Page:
How To Thrive While Transitioning To A Virtual Workforce

Summary: Many people are working from home during the coronavirus pandemic. New remote workers and businesses can help foster success by generating routine, utilizing calendar sharing, having video meetings, setting clear expectations, developing time management skills, and continuing to learn. 

 

As of 2017, 43% of employees worked remotely with some frequency. In 2020, with the COVID-19 pandemic shuttering many brick-and-mortar office places, agile companies are quickly pivoting employees to remote work. Telecommuting is a great benefit in the age of social distances, but it comes with its own challenges. Especially companies and their employees who are new to telework will likely experience growing pains, but there are steps you can take to ease the transition and ensure your virtual workforce is able to thrive. 

New Normal, New Habits 

Working from home is a major transition for employees who have spent their entire working lives in an office space. While offices offer a sort of comforting familiarity, a steady set of expectations, and a familiar environment while home may be full of energetic children, stir-crazy pets, and plenty of chores and hobbies alike to do. 

The best thing for companies who are new to this form of work is to understand that is a transition and that it can take an adjustment period for workers to find their focus, their flow, and their new normal. During this period, be lenient, expect some technical complications, and have patience while new systems for collaborating and working are developed and tested among workers who are unfamiliar. 

You can ease the transition by creating a form of routine, just as employees had at the office. This could be a recurring meeting, a consistent sign-on, sign-off, or lunch time, or anything else that offers stability in this time of stark change. 

Similarly, equip teams with a calendar sharing application such as Google Calendar. When teams can collaborate and understand where time is used and how their efforts fit into a bigger picture that they all are working toward, the stress and isolation of working from home can transform into great freedom for productivity and collaboration. 

Set Expectations

When life is in a deep state of flux, employees can feel overwhelmed with a bombardment of decisions and uncertainty. Guide employees through work changes by offering clear expectations. This may mean specific output quotas, work hours, required meetings, or anything else that is a high priority for your business. 

Don’t set expectations too high or add requirements for their own sake. While structure is important, offering employees some freedom to feel into their new roles and schedules can help ease stress too, boost loyalty, and benefit your company’s culture on a broader scale. 

Communicate Differently

When workers can’t meet face to face, utilize technology to boost presence, connection, and accountability. Instant messenger and chat applications, such as Slack, help employees have real time conversations throughout the day. You can even set up a “watercooler” chat segment where employees can talk about anything to keep connection and camaraderie high. 

For meetings, use a video software such as Zoom in order to help replicate the rapport that comes with in-office meetings. Even a once-a-month meeting on a video can go a long way for morale and accountability.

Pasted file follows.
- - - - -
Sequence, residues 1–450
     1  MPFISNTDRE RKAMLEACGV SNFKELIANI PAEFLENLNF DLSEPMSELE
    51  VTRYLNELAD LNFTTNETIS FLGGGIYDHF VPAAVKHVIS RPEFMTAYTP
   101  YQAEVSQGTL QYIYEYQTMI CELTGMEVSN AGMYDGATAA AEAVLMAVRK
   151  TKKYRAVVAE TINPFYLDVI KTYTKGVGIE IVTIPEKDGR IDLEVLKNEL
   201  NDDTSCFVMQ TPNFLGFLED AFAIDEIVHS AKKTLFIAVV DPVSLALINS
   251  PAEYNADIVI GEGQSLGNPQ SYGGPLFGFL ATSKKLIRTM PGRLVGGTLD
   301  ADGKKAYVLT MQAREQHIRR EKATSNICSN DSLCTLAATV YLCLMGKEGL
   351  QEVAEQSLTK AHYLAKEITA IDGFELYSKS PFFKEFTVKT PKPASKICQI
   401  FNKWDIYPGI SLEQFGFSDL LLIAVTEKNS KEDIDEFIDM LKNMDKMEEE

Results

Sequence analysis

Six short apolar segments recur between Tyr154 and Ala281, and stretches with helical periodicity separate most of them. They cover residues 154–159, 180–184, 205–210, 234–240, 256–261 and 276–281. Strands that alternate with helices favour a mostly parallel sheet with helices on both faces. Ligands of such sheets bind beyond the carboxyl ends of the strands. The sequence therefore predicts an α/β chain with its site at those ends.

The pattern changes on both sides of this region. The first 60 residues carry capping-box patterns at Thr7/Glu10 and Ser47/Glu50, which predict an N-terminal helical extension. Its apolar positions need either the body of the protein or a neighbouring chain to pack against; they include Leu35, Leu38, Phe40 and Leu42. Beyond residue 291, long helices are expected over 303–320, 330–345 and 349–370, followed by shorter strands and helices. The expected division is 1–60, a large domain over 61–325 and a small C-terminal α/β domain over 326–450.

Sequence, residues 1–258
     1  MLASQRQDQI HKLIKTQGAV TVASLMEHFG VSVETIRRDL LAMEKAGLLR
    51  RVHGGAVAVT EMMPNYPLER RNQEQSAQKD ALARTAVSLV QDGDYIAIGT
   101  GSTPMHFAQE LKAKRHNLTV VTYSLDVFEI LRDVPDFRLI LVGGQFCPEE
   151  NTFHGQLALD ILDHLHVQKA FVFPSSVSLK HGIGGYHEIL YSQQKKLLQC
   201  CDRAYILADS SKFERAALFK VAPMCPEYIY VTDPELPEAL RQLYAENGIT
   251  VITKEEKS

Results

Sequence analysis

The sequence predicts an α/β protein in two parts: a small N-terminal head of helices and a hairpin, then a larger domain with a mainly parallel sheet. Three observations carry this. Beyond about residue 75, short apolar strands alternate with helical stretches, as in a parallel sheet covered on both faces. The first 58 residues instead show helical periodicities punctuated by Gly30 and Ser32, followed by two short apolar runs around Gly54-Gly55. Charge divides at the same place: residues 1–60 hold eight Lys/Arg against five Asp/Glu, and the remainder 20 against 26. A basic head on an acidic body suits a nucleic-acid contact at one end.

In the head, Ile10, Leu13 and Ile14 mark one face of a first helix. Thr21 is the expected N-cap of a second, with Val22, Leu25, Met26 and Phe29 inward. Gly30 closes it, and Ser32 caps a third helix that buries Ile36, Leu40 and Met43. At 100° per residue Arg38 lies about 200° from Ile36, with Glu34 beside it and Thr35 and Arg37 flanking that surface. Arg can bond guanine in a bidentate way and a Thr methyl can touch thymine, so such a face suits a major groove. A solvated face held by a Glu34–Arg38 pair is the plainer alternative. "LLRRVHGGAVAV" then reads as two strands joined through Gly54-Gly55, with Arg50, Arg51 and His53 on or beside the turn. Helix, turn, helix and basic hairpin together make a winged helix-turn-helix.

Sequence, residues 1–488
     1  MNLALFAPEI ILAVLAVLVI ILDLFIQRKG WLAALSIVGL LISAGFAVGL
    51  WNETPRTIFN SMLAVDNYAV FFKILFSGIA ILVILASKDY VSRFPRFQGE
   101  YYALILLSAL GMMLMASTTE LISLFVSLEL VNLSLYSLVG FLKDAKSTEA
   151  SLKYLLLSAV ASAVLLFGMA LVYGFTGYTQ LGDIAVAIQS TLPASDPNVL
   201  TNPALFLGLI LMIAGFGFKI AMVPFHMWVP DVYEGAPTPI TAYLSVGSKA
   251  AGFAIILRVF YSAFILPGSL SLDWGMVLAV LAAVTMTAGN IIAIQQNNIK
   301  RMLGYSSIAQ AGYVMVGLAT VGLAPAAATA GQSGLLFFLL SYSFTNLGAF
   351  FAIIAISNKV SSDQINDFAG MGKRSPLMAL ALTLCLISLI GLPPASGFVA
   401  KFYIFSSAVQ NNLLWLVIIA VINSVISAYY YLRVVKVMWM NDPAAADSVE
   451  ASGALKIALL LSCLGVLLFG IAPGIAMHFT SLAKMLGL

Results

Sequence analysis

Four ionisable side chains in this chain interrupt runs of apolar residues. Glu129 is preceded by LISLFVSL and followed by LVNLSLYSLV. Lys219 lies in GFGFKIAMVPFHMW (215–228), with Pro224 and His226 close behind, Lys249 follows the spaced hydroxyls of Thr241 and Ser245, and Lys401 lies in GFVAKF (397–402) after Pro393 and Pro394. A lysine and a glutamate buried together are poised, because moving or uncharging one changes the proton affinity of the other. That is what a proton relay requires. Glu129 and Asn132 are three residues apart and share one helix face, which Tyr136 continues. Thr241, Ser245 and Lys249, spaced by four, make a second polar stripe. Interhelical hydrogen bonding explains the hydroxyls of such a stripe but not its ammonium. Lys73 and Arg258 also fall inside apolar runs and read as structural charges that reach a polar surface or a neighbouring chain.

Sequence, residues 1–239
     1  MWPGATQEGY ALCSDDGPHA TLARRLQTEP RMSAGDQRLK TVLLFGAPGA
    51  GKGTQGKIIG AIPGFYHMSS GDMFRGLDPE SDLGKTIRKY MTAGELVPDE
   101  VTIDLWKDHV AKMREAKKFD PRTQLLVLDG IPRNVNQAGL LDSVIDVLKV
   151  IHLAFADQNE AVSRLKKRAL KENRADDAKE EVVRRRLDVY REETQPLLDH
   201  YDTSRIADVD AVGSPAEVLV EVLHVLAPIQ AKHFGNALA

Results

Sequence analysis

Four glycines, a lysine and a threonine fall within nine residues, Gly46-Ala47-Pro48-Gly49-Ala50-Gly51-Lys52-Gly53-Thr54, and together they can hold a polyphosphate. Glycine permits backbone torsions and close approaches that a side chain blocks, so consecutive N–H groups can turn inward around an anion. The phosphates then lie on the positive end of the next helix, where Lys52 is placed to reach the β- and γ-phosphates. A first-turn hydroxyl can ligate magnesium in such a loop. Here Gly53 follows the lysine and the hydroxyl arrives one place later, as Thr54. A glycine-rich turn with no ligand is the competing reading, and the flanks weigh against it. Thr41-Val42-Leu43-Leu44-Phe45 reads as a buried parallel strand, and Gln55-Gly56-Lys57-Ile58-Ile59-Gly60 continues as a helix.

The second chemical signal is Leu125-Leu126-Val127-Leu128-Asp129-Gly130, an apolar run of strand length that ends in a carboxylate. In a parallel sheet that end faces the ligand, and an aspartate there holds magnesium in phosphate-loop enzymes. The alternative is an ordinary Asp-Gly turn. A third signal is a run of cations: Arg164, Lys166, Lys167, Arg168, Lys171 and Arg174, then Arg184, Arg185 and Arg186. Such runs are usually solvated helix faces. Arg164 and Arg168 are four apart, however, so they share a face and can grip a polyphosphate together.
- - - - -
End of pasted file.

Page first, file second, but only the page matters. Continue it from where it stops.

It’s important to find new, effective methods of communication with clients and buyers as well. For example, we at Premikati use remote demos to help engage potential clients. Because we are doing this from afar, we pay special attention to asking meaningful questions and really engage with our clients on a deeper level. 

Use Your Time Wisely 

Many new remote works feel like they simultaneously have more and less time than they once did. There’s no more commute time, tedious morning primping, prepping meals ahead, or other tasks that come with office work, but they may feel like work starts expanding into their personal life or struggle with focus during the day due to distractions. 

Time management is a make-or-break factor for virtual workforces. Set expectations surrounding schedules to help prevent worker burnout and the “always-on” mentality. Have focus sprints. Have patience with coworkers who may not always be available. 

Similarly, many job functions can’t be fully performed from home. If you or any of your employees are “benched” during the pandemic, look for other ways to contribute. Could they update documentation? Spend time brainstorming resolutions to industry problems? Furthermore, could they continue their education in order to make deeper contributions after the crisis? Do what you can do, and encourage your employees to do the same, but be mindful as well to not get caught up in busywork. 

Never Stop Learning

Continued education is always important to pursue, but now is a prime opportunity for many employees to pursue an expansion of their skills. Many courses are free during the coronavirus crisis, so time availability, a desire to learn, and an idea about what’s important to know are all you need to bolster yourself and your employees for the future. 

As the new normal for work continues to  change, keep learning what systems work for you and your employees, and don’t be afraid to try new things to make life, and work, a little bit easier and more connective. 

What has your business done to adjust and thrive during the transition to virtual work?  Reach out to us and let us know!

 

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